The 2008 share of world total inward FDI flows was 6.4% for China and 2.4% for India. In 2008, China became India’s largest trading partner and the bilateral trade between the two countries grew 34% to $51.8bn. It is projected that by 2050, India and China will be the two leading economies in the world.

But while China-India trade grows, constraints are preventing its full potential. Although China and India are connected by land, their current trade mostly passes the Strait of Malacca, a distant marine route that adds time and cost. And although the land routes have been significantly improved with the rebuilding of the Stilwell Road that links China and India via Myanmar and the reopening of the Nathu La Pass for border trade, there are still many problems.


Distrust remains between the two countries following the1962 border war, with some territory still disputed. More recently, India has become wary of China’s co-operation with Pakistan, while the various trade disputes between India and China certainly have not fostered co-operation. Also, India is at a greater risk of developing a trade deficit because it mainly exports resource- or labour-intensive products to China, and mostly imports manufactured goods with high added value from the country.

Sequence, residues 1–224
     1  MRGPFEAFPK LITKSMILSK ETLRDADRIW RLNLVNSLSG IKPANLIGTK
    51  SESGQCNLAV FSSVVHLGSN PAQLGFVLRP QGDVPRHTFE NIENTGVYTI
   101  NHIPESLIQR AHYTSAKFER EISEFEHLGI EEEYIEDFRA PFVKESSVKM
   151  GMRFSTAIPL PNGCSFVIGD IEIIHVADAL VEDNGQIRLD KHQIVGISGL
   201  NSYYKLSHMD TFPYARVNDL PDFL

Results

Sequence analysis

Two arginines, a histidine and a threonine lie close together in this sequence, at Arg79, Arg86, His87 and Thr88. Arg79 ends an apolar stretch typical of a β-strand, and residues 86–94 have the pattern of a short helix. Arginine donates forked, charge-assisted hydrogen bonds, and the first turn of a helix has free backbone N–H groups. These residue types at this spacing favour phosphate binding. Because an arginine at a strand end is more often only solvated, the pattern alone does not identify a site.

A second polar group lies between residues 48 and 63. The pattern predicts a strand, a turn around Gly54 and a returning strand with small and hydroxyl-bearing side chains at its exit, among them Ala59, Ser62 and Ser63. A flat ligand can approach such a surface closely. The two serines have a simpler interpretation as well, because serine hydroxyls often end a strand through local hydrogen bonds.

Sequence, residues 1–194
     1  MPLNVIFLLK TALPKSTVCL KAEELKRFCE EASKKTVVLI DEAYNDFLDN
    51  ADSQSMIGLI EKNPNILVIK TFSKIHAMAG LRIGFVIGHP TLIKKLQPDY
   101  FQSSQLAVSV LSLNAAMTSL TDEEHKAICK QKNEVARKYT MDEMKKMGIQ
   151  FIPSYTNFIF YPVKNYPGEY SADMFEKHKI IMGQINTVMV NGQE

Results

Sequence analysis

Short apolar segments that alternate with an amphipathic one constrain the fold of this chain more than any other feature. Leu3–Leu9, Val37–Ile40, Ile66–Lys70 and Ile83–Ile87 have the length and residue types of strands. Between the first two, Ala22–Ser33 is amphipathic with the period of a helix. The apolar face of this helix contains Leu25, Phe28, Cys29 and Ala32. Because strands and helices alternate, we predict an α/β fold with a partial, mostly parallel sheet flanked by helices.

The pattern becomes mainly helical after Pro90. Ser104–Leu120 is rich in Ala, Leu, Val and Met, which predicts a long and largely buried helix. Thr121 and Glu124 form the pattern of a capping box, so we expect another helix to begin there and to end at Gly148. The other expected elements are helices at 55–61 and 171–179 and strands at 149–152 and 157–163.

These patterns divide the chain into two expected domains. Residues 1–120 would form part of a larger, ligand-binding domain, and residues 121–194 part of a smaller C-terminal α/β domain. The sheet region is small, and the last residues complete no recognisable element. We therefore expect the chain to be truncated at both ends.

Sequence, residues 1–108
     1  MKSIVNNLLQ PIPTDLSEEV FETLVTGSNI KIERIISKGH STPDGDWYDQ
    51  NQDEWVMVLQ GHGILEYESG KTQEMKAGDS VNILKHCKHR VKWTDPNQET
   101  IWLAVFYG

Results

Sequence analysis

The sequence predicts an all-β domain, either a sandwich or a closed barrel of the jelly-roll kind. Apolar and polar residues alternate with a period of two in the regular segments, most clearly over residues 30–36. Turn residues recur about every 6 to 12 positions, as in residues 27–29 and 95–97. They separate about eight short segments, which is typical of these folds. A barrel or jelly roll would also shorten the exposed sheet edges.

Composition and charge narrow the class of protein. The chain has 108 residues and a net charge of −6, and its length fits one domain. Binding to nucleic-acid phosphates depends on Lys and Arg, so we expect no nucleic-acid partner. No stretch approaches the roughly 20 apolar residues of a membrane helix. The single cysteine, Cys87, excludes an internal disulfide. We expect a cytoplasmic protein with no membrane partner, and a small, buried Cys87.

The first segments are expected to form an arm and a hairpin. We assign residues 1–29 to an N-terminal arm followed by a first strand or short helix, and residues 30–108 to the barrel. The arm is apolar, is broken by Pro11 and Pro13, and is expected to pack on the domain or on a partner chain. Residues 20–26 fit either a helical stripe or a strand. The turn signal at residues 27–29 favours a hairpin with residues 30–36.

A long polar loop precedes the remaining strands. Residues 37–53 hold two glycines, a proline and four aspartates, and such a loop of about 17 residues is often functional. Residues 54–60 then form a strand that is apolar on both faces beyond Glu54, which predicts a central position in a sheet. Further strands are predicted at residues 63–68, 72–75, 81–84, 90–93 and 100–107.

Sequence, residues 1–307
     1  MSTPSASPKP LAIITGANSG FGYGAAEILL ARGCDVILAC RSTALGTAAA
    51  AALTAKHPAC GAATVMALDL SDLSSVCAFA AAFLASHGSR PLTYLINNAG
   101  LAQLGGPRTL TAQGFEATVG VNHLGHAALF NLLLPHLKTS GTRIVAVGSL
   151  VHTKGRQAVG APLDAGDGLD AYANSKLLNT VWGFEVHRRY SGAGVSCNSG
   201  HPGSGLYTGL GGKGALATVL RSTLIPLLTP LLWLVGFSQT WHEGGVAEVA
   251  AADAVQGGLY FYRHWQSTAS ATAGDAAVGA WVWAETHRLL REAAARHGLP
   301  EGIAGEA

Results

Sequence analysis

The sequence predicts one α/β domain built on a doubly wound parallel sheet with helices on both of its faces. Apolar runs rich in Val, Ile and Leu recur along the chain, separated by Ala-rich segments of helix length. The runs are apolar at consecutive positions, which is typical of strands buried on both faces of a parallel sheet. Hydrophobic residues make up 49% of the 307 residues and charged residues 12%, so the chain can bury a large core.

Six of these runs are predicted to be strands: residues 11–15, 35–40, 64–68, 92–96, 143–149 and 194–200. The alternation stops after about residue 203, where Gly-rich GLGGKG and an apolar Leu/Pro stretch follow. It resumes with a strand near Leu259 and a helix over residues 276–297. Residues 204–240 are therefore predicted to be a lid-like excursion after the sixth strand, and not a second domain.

In October 2009, China and India signed a memorandum of agreement to deal with climate change, signalling an upgrading of Sino-Indian co-operation in the field. Jairam Ramesh, minister of environment and forestry of India, said it was the first time India and China had initiated bilateral co-operation in that way, and it bodes well for the development of Indo-Chinese trade relations.

The China-India trade outlook remains rosy, but it will take time to address constraints and fully realise the economic and trade potential.

Lawrence Yeo is CEO of AsiaBIZ Strategy, a Singapore-based consultancy that provides Asia market research and investment/trade promotion services.